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Jordan Greenaway: “The PR industry still has a problem with unpaid internships. It needs to stop.”

In our latest website interview, Jordan Greenaway talks about getting started in the public relations industry, confronts some of the bad practices that still plague the sector, and suggests ways forward to elevate the reputation and standing of the sector amongst university-leavers.

Group of interns working in London

This month, we spoke with our Managing Director, Jordan Greenaway, about finding a job in the public relations industry, the fierce competition for talent, the skills gap in the sector at the moment, and why we should all be optimistic about the future.

Is it difficult to enter the PR industry?

Jordan Greenaway (JG): It has always been difficult – and the PR industry is at least partly to blame. In other professional careers, such as financial services and law, there is a clear pathway to get started in the sector. That pathway usually involves a vacation scheme and a graduate programme, which is then followed by a full-time job offer.

But, in comparison to law or financial services, the routes in PR are very undefined and unclear. In fact, it’s not uncommon to hear people working in PR say that they “fell into” the sector accidentally – perhaps shifting from politics, marketing, or elsewhere. That shows you how undefined the routes actually are.

But without these clearly defined and established routes, it’s difficult for graduates, students, or career changers to know where to start. They don’t know what experience they need to demonstrate to get their first role, and they don’t know how to get that initial experience in the first place.

Does the industry still have a problem with unpaid internships?

JG: Yes. It’s clear that unpaid internships are still a problem in the sector, and this should have stopped years ago. Standards have improved over the last decade, but there is much further to go. It staggers me when I hear from candidates who say they have been offered an unpaid internship or voluntary work experience at a different company. And it’s not just small agencies and freelancers who are responsible for this bad practice either.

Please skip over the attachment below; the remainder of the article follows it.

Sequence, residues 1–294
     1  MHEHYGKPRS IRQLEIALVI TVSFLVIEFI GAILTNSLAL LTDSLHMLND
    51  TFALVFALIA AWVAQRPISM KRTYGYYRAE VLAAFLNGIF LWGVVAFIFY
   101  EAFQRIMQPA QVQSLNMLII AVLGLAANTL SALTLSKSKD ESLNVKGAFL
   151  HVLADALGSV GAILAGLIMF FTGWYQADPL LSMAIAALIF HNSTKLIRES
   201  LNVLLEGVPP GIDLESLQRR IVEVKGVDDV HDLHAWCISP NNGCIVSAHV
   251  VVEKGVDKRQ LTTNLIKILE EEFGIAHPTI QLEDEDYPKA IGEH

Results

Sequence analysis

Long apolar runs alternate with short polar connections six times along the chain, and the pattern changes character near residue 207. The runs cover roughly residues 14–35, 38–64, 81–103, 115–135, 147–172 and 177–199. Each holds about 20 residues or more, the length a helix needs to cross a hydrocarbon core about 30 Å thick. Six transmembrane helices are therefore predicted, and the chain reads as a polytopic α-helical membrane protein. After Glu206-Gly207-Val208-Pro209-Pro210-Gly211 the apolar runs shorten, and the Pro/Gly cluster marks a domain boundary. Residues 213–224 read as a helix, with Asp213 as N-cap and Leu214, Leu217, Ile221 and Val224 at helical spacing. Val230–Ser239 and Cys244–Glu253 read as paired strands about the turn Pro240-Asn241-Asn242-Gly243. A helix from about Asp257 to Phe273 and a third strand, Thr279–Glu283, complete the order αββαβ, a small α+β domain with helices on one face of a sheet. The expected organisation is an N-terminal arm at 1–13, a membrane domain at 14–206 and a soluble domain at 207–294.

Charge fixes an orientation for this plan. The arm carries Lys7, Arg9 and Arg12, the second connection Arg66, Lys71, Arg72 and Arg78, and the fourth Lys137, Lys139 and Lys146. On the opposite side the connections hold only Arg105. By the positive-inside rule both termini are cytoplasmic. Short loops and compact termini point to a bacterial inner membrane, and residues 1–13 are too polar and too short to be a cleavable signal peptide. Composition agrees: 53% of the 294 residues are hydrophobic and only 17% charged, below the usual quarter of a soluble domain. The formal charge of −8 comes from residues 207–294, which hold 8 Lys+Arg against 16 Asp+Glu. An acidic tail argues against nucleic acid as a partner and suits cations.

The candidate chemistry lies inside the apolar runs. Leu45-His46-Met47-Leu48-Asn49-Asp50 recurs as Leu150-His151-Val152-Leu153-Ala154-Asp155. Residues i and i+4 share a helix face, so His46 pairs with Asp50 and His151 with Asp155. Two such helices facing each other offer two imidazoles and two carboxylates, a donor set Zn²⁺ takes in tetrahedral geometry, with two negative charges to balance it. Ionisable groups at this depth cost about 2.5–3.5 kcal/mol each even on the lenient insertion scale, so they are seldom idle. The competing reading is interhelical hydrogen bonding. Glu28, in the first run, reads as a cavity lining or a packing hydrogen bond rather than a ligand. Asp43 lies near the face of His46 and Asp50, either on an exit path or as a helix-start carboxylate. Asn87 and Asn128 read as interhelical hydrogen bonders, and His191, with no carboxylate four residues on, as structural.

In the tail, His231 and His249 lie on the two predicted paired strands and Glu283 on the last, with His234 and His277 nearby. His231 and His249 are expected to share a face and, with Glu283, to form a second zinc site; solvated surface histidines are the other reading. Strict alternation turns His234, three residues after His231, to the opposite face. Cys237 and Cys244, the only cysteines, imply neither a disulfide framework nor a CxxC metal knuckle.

If someone is sitting in the office all day, whether it’s monitoring the media or otherwise, it goes without saying that they should be paid. But, even worse, we’re locking fantastic talent out of the industry. The vast majority of new-starters in the industry simply would not be able to work for free. Commuting, living, and working in the UK and London is incredibly expensive.

Is there a talent crunch at the moment?

JG: This has been a hot topic in public relations over the last 6 months, and I think it is being driven by a number of factors. After we started to come out of the pandemic, a lot of agencies went on a recruitment drive, which increased competition for talent.

At the same time, over the last two years, a number of experienced PR people decided to leave agencies to start working freelance. I think we will actually start to see that trend reverse over the next 12 months. While there are certainly benefits to going freelance, there are also drawbacks. I think some freelancers will start to miss having a team around them, the social aspect, and the job security of being a member of a larger agency.

But, in the meantime, we have a larger number of agencies vying for a smaller pool of talent.

How can the industry overcome the current skills gap?